Monday, September 5, 2005

Korean War Memorial display honoring GI contributions to Korean children

A message from Dr. George F. Drake, Ph.D., the coordinator of the Korean War Children's Memorial Project in Bellingham, Washington:
On behalf of my fellow Korean War Veterans I write to invite you to attend the ribbon-cutting ceremony scheduled for 11 a.m. on the 7th of September 2005 at the War Museum of Korea in Seoul for the "opening" of the photo exhibit entitled GIs and the Kids - A Love Story: American Forces and the Children of Korea 1950-1954. The photo exhibit is co-sponsored by the War Museum of Korea and the Korean Welfare Foundation, Dr. Kim Suk San, President.

Here is a story of love and compassion of an immense scale. During the war years we (I was there and helped in this regard) saved the lives of over 10,000 children, helped support over 54,000 in more than 400 orphanages, many built or repaired by our servicemen. In the three years of the war we donated over two million dollars for orphanage aid from a pay of less than $100 a month. We wrote home to mom, pop, neighbors and friends seeking donations and the folks back home responded by sending thousands of tons of aid for the children and their care givers. William F. Asbury, former managing editor of the Seattle P.I. newspaper, calls US forces in the Korean War "an army of compassion."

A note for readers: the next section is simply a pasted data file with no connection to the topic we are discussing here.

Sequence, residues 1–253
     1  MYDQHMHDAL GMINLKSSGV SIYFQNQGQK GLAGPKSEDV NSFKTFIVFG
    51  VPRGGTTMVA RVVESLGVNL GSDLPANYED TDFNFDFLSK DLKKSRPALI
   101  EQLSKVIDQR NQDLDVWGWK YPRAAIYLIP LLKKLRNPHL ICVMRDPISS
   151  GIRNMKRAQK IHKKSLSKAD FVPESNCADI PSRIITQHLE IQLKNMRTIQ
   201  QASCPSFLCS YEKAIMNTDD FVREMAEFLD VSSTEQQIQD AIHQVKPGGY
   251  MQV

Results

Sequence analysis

Our servicemen had to be taught to aim a weapon at another human and shoot to kill. They did not have to be taught to offer solace to a crying child, feed a hungry child, take an injured child to the medic or find shelter for a homeless child. That came with being American. Here is a story that needs to be told to the current generation of Koreans. All Koreans knew immediately when a US military vehicle tragically killed two Korean girls several years ago. I would venture none of the younger generation in Korea realizes the extent to which we GIs saved and supported tens of thousands of Korean children in that war over 50 years ago. We hope you will be able to attend the ribbon-cutting ceremony but, if not, we encourage you to visit the exhibit at your convenience during the period it will be at the museum (6-18 September 2005).

The contribution to South Korea's freedom and independence that GIs have made is immense, but often forgotten. I know I will make time to see this exhibit.

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